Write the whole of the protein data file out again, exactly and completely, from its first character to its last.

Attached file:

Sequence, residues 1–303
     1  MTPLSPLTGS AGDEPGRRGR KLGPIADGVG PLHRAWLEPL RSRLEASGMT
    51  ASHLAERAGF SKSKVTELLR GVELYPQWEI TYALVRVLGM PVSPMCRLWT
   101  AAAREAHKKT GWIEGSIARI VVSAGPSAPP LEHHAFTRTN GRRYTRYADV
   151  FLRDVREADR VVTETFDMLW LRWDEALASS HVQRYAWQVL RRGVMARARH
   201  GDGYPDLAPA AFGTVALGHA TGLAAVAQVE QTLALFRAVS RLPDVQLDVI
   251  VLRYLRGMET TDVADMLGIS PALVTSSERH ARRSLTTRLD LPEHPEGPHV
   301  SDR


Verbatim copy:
Sequence, residues 1–303
     1  MTPLSPLTGS AGDEPGRRGR KLGPIADGVG PLHRAWLEPL RSRLEASGMT
    51  ASHLAERAGF SKSKVTELLR GVELYPQWEI TYALVRVLGM PVSPMCRLWT
   101  AAAREAHKKT GWIEGSIARI VVSAGPSAPP LEHHAFTRTN GRRYTRYADV
   151  FLRDVREADR VVTETFDMLW LRWDEALASS HVQRYAWQVL RRGVMARARH
   201  GDGYPDLAPA AFGTVALGHA TGLAAVAQVE QTLALFRAVS RLPDVQLDVI
   251  VLRYLRGMET TDVADMLGIS PALVTSSERH ARRSLTTRLD LPEHPEGPHV
   301  SDR